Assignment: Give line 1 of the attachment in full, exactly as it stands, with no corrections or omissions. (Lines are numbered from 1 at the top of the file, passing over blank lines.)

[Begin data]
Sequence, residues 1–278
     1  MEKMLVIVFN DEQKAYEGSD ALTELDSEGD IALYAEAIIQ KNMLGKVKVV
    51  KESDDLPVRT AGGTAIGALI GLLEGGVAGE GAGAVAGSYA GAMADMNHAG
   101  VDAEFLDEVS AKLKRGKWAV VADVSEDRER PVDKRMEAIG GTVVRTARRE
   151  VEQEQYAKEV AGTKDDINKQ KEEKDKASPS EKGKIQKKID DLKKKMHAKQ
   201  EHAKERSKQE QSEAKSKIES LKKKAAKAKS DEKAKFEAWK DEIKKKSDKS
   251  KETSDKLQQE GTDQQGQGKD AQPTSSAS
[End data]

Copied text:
Sequence, residues 1–278